A friend recently told the story of her young son’s experience as the only boy in a ballet class. The ballet teacher was preparing a show, and wanted her son to be the bee and the rest of the class – all girls – to be flowers. My friend protested, asking why not give each child a choice of whether to be a bee or a flower. An excellent solution, I thought. Her son chose to be a flower.
Still, the scenario annoyed me a bit, even as I laughed at the idea of flowers being female. After all, if flowers didn’t have both male and female parts, flowers would no longer exist.
We like to file things into categories. A world defined and boxed. A taxonomy to make the world more predictable. We try to reign in human complexity and comply with our cultural histories by enforcing gender (and other) dichotomies and stereotypes on young children. It continues the familiar rather than attempting something new. Likewise, we dreamily assign heterosexual romantic meaning to opposite-gender friendships in young children. “Oh look! He has a girlfriend!” I recall being asked if I was going to marry various male friends when I was too young to understand marriage beyond a way that adults play house.
Sadly, children will learn limitations soon enough. Give them time to explore their personhood purely as long as they can before burdening them with our old cultural baggage.
When Sunboy was a toddler, I gave him both dolls and cars. He decided for himself that he wasn’t interested in dolls. Sometimes he asks me to put barrettes in his hair and shows interest in makeup on the rare occasion I wear it. I comply. It’s healthy for him to explore the possibilities of this vast world. Once you travel to other countries, it becomes easier to see culture as a veneer we paint over biology. Normalcy comprises a broad spectrum and expresses itself diversely in dress, rituals and roles: which are a richness and which are a requirement?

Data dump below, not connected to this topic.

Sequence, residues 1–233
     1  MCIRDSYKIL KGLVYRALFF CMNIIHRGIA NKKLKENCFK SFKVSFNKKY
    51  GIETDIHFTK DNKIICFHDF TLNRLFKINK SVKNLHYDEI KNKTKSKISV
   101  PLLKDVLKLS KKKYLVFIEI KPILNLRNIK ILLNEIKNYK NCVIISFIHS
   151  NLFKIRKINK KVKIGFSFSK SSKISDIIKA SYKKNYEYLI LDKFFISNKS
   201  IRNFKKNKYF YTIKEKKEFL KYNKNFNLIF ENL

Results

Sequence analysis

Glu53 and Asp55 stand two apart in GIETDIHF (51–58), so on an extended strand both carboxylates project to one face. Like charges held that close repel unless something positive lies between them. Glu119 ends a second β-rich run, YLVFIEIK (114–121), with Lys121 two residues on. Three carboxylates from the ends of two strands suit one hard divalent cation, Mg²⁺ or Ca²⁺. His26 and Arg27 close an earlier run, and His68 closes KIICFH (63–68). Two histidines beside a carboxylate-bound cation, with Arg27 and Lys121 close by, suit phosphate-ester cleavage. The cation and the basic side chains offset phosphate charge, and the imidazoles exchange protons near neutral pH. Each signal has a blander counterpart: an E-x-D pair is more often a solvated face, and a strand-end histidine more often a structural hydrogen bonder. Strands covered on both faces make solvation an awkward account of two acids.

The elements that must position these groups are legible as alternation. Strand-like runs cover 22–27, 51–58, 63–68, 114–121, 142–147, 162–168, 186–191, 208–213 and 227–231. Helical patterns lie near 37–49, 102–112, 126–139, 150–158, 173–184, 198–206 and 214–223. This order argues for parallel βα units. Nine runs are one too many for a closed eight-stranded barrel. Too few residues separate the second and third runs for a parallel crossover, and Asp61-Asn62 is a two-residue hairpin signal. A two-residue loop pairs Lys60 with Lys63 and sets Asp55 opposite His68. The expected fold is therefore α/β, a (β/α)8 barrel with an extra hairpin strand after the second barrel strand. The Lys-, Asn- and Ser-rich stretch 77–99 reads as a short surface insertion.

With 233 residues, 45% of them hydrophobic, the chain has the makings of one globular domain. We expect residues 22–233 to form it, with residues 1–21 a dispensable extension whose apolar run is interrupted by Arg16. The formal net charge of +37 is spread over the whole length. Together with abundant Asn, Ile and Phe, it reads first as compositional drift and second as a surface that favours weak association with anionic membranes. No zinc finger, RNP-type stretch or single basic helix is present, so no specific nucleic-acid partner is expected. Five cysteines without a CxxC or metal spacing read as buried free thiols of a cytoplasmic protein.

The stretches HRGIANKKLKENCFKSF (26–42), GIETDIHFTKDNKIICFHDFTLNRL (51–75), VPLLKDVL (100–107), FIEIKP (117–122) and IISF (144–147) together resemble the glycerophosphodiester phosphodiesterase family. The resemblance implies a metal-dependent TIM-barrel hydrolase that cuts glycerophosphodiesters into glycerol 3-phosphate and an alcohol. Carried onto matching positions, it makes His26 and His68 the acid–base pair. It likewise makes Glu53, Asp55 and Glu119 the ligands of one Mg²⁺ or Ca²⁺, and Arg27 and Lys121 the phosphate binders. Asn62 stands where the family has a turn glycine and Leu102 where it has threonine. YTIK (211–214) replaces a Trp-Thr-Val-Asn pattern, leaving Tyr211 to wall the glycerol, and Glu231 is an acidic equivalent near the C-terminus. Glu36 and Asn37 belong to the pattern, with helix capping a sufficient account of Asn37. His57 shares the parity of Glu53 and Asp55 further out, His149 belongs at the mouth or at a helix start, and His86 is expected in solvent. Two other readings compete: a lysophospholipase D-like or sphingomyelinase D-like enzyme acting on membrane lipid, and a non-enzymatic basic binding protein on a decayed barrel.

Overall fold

My mother recently said she needed warmer stockings to wear to church. “Why not wear pants?” I asked, “It’s freezing outside.” “It’s disrespectful to God for women to wear pants to church,” she replied. I said I thought that God would want her to be warm, and asked if an obligatory skirt was true in every country or just the United States.
I grew up compliantly wearing skirts to church in the middle of Winter and admit it did little to boost my religious experience. My children wear warm clothes and comfortable shoes to church. Hopefully they won’t be distracted by cold toes.
When does culture change if children continue to be indoctrinated with old ways of thinking? We expect to be treated with equality as adults but are quick to box young children into expectations of gender and sexuality. At what age does equality begin?
We say girls are flowers – not bees – and yet expect them to somehow grow up with the confidence to be whomever they want to be, maybe enter a traditionally male field. Which girl will drop her pretty petals to be president? Likewise, how strong must a boy be to explore a traditionally female interest knowing of the inevitable ridicule to follow?
In the end, society pays the price of needlessly placed barriers that preclude children from developing their talents based on the demographics of their birth. We all pay the price.
If we want to move past the restrictions of the past , we cannot keep repeating the cycles of our youth. Change takes work and thoughtful action. Let’s dig deeper.